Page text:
Sometimes dreams come true: On writing ‘Devil’s Due’
by Lindsay Devlin
About a year and a half ago, I had an intense dream about a “paranormal pregnancy” (I know, strange right?). It was one of those visceral and emotional experiences where even when I woke, I couldn’t shake the images and feelings. I even did some research into the subject and was amazed to find out that many people believe that pregnant women develop a kind of 6th sense, a hypersensitivity to the supernatural.
Pregnancy is considered a beautiful, natural thing; we’re bombarded with photos of celebrity baby bumps and Facebook posts of glowing prenatal happiness. But there’s the other side too: the uncertainty and fear of what happens to your body, the feeling of loss of control, the strain on your relationship as you make room for a third person. As my pregnant friends quietly confessed some of these feelings, and as I contemplated future motherhood myself, I realized that my crazy nightmare could be the basis for an allegorical film tackling all these very real fears that women (and their partners) have during pregnancy.
I sketched down some ideas and then, during a trip to Kauai, wrote an outline. I decided it should be “found footage” style to lend to the real and raw quality, especially in an age where we all document so much, new parents included. I had no idea then that just a year and a half later, these ideas would be the basis of a major motion picture. Devil’s Due will be released by 20th Century Fox on January 17.
How did it happen so fast? I credit a mixture of timing, luck, opportunity and the foresight of a handful of people who saw something in it, perhaps even more than I did. I told my idea to my manager, who encouraged me to write up an outline. Then she fortuitously had lunch that week with an executive who immediately sparked to the idea. These things don’t tend to go anywhere, but I sent the outline, hopeful. Just a few short weeks later the deal was closed, much to my shock. A few months later, the directors signed on and, well, the rest is history.
I’m still pinching myself – my first sale, my first produced film. I’m realistic to know that Hollywood doesn’t always work like this. I’ve written specs that didn’t sell and gone up for jobs I didn’t get. Most movies take years to get made. I feel very blessed that this was my first movie experience.
Most people who know me well wonder how I ended up writing a horror movie. After all, I’m the girl who loves costume dramas to the point where I seek out the places they’ve been filmed. (I’ll do a separate blog post on that!) I thought I was Laura Ingalls growing up, bonnet and all. My office is filled with tattered and loved copies of The Secret Garden, Anne of Green Gables, Little Women, Alice in Wonderland. Many of my friends know that I dream of being a children’s book author. So how in the world did Devil’s Due come out of my brain? I actually wondered the same thing.
In reflecting on my earliest creative influences, I began to realize that the seeds of writing in the genre have been growing for many, many years. As a child, I always liked the inherent darkness of fairy tales. I was drawn to the gothic and supernatural in both film and literature. I was a theatrical kid and liked scaring my friends at sleepovers with twisted, haunted tales. One of my favorite early Disney movies was The Watcher in the Woods, an eerie story about an American family who moves to a creepy estate in the English countryside, where the woods seem to be haunted by a spirit. To this day, my poor brother hates scary movies because I would watch it over and over, and then frighten him with tales of “real” ghosts (sorry, Ryan).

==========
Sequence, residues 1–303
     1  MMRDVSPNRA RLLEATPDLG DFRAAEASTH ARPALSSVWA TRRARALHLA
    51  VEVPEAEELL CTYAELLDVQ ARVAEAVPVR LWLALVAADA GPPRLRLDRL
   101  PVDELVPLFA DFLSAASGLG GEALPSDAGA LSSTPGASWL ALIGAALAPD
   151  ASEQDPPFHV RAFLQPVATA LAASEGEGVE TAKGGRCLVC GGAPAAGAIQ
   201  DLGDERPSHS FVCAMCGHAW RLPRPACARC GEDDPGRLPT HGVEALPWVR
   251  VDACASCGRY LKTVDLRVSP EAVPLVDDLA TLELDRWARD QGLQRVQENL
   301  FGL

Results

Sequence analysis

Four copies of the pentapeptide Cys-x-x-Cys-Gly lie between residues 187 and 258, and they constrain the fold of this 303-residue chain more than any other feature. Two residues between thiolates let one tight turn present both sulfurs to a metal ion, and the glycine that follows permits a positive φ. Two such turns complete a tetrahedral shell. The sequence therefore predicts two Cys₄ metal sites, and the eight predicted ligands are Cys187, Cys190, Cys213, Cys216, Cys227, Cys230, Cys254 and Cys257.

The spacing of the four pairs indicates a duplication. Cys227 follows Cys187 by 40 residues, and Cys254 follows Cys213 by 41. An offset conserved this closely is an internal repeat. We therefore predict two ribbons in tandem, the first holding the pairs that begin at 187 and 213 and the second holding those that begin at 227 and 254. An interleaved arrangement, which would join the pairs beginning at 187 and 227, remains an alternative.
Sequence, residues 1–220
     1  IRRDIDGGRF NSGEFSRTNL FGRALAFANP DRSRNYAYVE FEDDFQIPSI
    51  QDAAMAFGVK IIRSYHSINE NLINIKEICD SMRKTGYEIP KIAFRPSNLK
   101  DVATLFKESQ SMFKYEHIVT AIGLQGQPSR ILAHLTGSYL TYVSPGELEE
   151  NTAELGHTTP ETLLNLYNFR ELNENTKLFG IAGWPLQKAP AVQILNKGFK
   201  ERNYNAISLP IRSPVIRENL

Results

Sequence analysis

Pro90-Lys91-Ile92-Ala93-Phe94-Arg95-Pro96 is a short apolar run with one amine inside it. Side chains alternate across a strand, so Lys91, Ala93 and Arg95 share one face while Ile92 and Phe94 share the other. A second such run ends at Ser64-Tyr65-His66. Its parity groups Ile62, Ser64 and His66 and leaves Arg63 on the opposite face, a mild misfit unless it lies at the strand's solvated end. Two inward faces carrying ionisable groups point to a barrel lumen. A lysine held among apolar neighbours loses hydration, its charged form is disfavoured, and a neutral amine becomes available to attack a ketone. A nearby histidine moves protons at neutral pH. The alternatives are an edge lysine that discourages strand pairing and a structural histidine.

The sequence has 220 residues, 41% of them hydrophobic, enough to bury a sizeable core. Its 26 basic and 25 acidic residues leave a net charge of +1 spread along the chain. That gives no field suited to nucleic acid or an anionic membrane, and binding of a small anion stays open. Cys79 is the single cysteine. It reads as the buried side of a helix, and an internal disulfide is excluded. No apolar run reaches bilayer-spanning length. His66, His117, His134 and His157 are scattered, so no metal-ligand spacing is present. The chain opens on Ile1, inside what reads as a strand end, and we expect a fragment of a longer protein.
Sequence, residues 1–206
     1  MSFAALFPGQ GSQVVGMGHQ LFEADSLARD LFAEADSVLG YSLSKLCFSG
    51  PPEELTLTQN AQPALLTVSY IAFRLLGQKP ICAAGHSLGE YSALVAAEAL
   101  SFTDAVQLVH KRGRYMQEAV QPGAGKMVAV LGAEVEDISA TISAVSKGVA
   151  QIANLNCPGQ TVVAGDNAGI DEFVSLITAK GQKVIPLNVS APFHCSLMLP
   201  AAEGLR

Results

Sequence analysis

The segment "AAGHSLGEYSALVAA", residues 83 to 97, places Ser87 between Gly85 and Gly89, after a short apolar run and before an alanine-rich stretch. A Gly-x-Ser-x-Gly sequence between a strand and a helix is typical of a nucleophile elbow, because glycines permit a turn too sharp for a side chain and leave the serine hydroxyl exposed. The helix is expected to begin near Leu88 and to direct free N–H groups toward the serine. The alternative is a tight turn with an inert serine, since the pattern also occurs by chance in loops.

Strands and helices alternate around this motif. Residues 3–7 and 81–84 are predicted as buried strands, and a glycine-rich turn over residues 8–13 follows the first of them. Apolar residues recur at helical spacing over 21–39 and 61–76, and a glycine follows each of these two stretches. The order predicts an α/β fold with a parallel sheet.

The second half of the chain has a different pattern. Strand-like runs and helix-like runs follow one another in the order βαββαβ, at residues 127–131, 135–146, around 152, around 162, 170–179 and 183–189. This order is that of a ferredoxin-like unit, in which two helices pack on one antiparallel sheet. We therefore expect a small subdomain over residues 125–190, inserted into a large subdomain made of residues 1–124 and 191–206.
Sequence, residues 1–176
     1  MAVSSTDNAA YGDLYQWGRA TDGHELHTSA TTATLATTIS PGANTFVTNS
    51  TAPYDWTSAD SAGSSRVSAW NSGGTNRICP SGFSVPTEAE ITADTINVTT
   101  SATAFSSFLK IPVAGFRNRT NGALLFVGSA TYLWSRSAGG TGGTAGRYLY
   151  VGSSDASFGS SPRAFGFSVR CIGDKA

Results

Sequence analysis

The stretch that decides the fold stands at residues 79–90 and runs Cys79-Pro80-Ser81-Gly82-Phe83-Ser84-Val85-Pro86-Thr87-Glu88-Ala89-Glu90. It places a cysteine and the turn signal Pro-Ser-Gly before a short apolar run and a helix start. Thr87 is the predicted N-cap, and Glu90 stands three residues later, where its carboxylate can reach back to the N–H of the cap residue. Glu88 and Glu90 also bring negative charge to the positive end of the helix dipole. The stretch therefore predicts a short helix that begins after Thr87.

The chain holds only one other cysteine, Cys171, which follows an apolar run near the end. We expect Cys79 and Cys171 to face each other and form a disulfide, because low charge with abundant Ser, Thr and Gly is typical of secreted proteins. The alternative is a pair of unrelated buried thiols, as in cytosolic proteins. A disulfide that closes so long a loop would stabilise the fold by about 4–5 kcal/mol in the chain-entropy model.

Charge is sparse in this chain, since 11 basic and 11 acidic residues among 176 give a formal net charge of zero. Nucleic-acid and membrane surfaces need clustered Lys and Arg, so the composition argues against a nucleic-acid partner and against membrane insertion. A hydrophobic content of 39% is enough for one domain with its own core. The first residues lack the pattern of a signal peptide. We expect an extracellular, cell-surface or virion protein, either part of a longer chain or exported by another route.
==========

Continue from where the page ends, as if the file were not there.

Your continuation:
I believe I was drawn to these stories for a few reasons. I’ve always been a Type A, take-charge kind of person, so there’s something thrilling and delicious about being scared and losing that kind of control – succumbing to the dark corners of your own mind. Scary tales can also be romantic in the classic sense of the word… there’s a reason some of the most famous gothic horror writers were women (Mary Shelley, Charlotte Brontë, Daphne du Maurier, Shirley Jackson).
Devil’s Due was shot in New Orleans (doubling as North Carolina), and being on set was a truly magical experience. Seeing my ideas come to life in ways I’d envisioned, as well as seeing how the directors’ vision expanded the story in ways I hadn’t, was amazing (seeing my name on the back of the chair was also pretty thrilling). And there’s something so entrancing about the city of New Orleans itself, full of tumultuous history and otherworldly beauty, which helped give the production an extra sense of the supernatural.
I’m currently adapting two young adult books (a feature film and a TV pilot) and I feel equally at home in that world. We writers don’t have to and shouldn’t put ourselves into genre boxes. We simply need to find the stories that we’re drawn to telling, even if we’re not sure at first why. I look forward to what the next creative challenges might be for me, including that children’s book I know I’m meant to write.
But for now, I’m celebrating the fact that dreams do come true. Not just figuratively but literally – the dream I had in spring 2012 has been brought to life! Seeing my name on the big screen will be a surreal experience, something I’ve been fantasizing about since I can remember realizing what credits at the end of a film meant. I feel very lucky and thankful for the experience I had on Devil’s Due. It was a crazy-fast and wonderfully collaborative experience with all involved. And it’s fun that things have come full circle – now I’ll be scaring a whole new generation of movie-goers in the same way I once was. My seven-year-old self would be very proud.Devil's Due, Entertainment industry, Female writers, First script sale and first produced film, Getting first film made, Hollywood, Horror films, Lindsay Devlin, Screenwriter